The famous historical compendium of Christians who sacrificed themselves for their faith over many centuries is presented here, complete.
At times uplifting, at times harrowing, but in its entirety compelling and worthwhile reading, Fox's Book of Martyrs is a work of supreme Christian devotion. It catalogs the rise to prominence, and deaths, of many Christian saints and martyrs who placed their faith above all else. Many were, under penalty of torture and death, told to give up their beliefs: by refusing, they proved themselves to be of the highest devotion.
When this book was published in 1563, the Christian church was in the throes of schism: the Reformation was proceeding at a fast pace, creating the first denominational forks in Christianity. The rise of Protestantism, and the attempts by the Catholic Church at preventing a split and consequent loss of authority, left a marked impression upon John Fox. His opinions of organized Christianity were never without criticism, and it was partly out of desire to remind all Christians of what true belief entails that he penned his masterwork.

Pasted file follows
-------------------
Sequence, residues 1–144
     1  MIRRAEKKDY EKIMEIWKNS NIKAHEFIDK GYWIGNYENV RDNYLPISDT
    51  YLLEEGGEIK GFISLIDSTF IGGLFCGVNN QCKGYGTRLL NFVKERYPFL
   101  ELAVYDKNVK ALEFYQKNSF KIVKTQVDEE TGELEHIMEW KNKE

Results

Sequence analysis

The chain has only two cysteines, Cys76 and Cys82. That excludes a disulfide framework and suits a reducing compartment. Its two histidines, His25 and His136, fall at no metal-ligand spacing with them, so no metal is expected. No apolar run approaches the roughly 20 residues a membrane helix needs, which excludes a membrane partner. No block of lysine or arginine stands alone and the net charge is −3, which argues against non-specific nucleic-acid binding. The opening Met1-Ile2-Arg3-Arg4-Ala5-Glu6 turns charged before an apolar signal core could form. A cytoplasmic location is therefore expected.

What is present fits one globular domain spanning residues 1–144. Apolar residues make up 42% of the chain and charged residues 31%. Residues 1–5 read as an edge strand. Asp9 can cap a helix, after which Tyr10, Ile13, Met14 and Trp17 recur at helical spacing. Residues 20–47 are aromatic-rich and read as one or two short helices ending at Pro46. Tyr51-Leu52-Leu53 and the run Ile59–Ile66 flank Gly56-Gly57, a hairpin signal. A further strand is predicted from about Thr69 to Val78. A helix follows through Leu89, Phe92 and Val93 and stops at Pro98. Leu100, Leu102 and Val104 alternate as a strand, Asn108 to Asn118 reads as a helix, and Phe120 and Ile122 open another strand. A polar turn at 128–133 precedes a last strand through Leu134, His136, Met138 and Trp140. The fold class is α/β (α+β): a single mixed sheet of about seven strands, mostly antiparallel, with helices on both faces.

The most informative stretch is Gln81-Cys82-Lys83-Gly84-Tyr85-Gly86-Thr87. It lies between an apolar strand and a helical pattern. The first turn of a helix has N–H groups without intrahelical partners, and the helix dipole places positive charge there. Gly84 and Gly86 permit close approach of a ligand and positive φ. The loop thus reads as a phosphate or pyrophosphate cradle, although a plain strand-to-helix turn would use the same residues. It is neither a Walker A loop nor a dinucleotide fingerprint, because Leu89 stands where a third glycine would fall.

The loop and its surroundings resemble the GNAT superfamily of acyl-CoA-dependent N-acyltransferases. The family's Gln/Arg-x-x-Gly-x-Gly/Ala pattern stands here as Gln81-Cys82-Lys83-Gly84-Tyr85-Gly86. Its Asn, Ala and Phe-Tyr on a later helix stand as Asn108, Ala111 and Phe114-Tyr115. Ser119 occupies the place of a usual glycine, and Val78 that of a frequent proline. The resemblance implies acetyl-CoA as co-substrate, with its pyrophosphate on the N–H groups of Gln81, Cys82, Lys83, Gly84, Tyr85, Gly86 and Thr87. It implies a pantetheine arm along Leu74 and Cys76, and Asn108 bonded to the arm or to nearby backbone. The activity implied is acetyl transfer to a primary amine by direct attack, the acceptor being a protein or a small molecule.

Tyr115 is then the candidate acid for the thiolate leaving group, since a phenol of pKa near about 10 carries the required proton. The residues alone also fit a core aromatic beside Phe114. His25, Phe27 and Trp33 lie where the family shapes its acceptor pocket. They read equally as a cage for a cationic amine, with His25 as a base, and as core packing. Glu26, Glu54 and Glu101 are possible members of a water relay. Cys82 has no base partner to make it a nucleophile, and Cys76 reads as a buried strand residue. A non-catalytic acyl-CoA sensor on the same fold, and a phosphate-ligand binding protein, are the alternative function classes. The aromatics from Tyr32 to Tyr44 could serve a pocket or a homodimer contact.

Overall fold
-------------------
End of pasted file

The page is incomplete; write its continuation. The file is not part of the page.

Committed to the truth of his investigations, Fox includes the martyrs of the early Christians who were persecuted by the Romans, plus the Protestant Christians who found themselves victim to Catholic persecution. The ruthless politics of the era, such as King Henry VIII's purging of the monasteries of England, also receive chapters. Fox does not shy from detail; the most wonderful moments of each martyr's life, and the sometimes gruesome nature of their deaths, are told frankly.
Over the centuries, and given the great fame this book garnered, various additions were made to the text. For this edition, the publisher has striven to present the text of the original 16th century version together with the most acclaimed and accepted additions made up until the early 19th century. As such we gain knowledge of oppression suffered by the Quakers, and of other Christian groups and personages until the time of the Napoleonic Wars.